Today cold-work tools and high-speed steels need to fulfil ever-increasing requirements. On the one hand, this is a consequence of more modern production facilities and optimized manufacturing processes. On the other, these stem from constantly increasing demands made on the quality of the products to be manufactured. As a consequence, the use of the right steel with the best performance for the tool application is decisive and ensures a length of the tool's service life and economic production with reduced unit costs.
Cold work tool steels are essentially high carbon steels, which contain relatively low alloy additions of tungsten, manganese, chromium and molybdenum. These alloy additions increase hardenability, permitting oil quenching with less distortion than with the W series. The O series consists of relatively inexpensive steels, and their high carbon content produces adequate wear resistance for short-run applications.
In this group of steels, many tool steel manufacturers market steels of composition adjusted to meet specific requirements. Undoubtedly, this group of steels can be classed among the largest tonnage used for tool manufacture, the reason being that it is the least expensive; affording a high degree of non-distortion in heat treatment and for short-run application cannot really be rivalled. It is used for all types of blanking and forming dies, gauges, collets, etc.
In the annealed condition, these steels consist of ferrite and carbide, essentially Fe3C but with a portion of the carbide formers present. If we consider the O1 as typical, manganese and chromium in solution in the matrix considerably increase the depth hardening, enabling sections up to 40 mm diameter to harden throughout.
Among the most useful features, placing this group in a class on their own as general-purpose tool steels is their low temperatures heat treatment with a correspondingly low moment in hardening. The O2 steel, excluding the optional molybdenum addition, shows possibly the least movement of all due to the slightly higher manganese addition and therefore marginally lower austenitizing temperature. On the other hand, the O1 steel will possibly show a slightly less tendency to crack when intricate sections are hardened, due to the 0.5% Cr and W addition and slightly lower manganese, the combination of which restricts grain growth and hardening temperatures.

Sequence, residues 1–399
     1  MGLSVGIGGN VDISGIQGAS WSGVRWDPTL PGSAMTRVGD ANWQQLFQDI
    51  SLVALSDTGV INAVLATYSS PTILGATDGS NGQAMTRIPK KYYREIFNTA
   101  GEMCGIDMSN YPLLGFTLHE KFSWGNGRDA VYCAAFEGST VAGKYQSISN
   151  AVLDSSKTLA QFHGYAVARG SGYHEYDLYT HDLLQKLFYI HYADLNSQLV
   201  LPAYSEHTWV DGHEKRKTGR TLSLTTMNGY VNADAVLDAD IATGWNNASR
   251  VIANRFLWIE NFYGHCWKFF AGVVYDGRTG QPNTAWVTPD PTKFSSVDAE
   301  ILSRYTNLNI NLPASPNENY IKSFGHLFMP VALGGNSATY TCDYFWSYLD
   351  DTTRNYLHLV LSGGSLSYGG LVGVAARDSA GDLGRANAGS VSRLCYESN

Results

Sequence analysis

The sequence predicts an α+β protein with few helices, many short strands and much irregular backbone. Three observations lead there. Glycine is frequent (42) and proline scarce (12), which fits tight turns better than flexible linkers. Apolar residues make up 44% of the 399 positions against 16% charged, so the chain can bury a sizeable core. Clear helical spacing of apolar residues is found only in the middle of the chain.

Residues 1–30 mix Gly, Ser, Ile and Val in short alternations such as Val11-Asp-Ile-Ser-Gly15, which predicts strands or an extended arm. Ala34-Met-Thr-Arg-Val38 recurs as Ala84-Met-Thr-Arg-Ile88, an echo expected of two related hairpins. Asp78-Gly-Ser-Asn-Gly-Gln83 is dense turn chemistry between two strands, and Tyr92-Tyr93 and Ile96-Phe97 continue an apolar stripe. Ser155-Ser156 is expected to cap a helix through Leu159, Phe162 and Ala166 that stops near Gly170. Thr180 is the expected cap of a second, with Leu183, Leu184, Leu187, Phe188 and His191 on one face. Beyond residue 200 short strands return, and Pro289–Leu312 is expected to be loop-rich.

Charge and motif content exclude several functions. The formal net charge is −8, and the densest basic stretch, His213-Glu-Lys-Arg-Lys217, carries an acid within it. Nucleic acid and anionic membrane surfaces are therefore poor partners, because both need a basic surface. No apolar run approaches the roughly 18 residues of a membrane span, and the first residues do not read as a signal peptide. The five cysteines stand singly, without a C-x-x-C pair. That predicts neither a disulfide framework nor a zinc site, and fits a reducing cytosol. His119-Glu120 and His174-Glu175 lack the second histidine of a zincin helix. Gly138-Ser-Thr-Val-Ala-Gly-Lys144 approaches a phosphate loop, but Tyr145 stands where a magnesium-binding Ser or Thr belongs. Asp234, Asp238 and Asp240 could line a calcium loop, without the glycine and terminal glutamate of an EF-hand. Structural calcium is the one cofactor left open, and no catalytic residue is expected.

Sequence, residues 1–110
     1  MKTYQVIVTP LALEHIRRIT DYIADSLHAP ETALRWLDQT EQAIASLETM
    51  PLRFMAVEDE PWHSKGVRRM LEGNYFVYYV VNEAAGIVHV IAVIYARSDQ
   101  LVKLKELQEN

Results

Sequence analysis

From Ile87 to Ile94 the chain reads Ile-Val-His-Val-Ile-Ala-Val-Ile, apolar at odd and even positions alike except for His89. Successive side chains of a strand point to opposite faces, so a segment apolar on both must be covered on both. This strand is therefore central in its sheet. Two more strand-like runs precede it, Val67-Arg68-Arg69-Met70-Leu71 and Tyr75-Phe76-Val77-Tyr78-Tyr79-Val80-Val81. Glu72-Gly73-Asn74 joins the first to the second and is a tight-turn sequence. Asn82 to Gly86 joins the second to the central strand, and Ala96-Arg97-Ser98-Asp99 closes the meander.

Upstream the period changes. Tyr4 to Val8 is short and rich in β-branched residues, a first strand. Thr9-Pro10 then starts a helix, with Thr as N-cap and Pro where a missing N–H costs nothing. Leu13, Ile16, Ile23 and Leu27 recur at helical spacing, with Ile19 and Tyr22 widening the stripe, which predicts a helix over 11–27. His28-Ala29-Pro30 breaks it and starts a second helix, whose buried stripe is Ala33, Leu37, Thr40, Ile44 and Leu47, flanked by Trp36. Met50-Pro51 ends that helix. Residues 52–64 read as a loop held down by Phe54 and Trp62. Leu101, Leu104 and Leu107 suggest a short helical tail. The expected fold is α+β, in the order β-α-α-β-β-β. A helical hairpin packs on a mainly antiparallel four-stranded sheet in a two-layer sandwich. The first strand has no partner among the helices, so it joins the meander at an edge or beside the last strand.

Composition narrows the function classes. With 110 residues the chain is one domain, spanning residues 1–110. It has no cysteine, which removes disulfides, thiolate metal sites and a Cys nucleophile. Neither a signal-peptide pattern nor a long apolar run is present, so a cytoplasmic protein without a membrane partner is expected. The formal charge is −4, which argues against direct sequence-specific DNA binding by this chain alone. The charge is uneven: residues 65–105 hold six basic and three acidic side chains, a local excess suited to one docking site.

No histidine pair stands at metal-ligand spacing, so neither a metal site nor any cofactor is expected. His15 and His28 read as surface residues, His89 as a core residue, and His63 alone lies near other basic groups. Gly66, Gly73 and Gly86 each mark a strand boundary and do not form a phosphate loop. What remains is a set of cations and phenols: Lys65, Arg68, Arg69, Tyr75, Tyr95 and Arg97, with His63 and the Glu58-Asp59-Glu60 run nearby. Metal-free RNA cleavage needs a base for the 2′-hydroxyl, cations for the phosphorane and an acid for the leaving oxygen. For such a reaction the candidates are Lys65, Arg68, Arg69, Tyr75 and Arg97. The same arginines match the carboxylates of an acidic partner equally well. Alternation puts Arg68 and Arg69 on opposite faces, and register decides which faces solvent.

The O7 steel has the best wear resistance of the series but the lowest hardenability, both properties being linked with the high tungsten addition.
The special high carbon steel O6 has high silicon, added partly to increase hardenability and also introduce graphitization of part of the carbon, thereby improving machinability in the annealed condition and wear resistance in the hardened condition.
Graphitization invariably must be avoided in tool steels, otherwise, carbon, which is essential as carbide or in the martensite, will be depleted. This steel is unique in this respect. After annealing, there will be about 0.20% carbon present as free graphite. This steel contains 0.25% of molybdenum which improves hardenability.
This group of steels is used to cover a very wide range of applications, especially for cutting and forming tools for cold working steel and other metals, including relatively intricate tools and gauges. The steels are safe to harden, even in intricate sections and are classified as non-deforming.
With carbon around 0.9% all of these steels, O1 and O2, have hardness and toughness similar to the plain carbon W series steels. The manganese gives sufficient hardenability to allow oil quenching, and, as it increases to the top limit of the O2 specification, provides the steel with an absolute minimum in dimensional change.
The correct alloy composition is of utmost importance in order to attain steel’s material properties which will be most appropriate for the application required. These properties can be fine-tuned by calculating the varying quantities of the elements used in an alloy, such as chromium, molybdenum, tungsten and vanadium. Besides overseeing the optimal proportioning of the main elements, close attention is paid to keeping undesirable accompanying components to an absolute minimum. This approach enables the supply of cold-work tool steels and high-speed steels for virtually every need and application.
Cold-work tool steels are employed at operating temperatures reaching around 200°C and are characterized by high levels of wear resistance. They also show good toughness properties depending on the intended application. High-speed steels consist entirely of high-alloy tool steels, which retain necessary high working hardness of approximately 60 to 67HRC at operating temperatures of nearly 600°C. Their operational characteristics partly stem from a high carbide content resulting in very high wear resistance.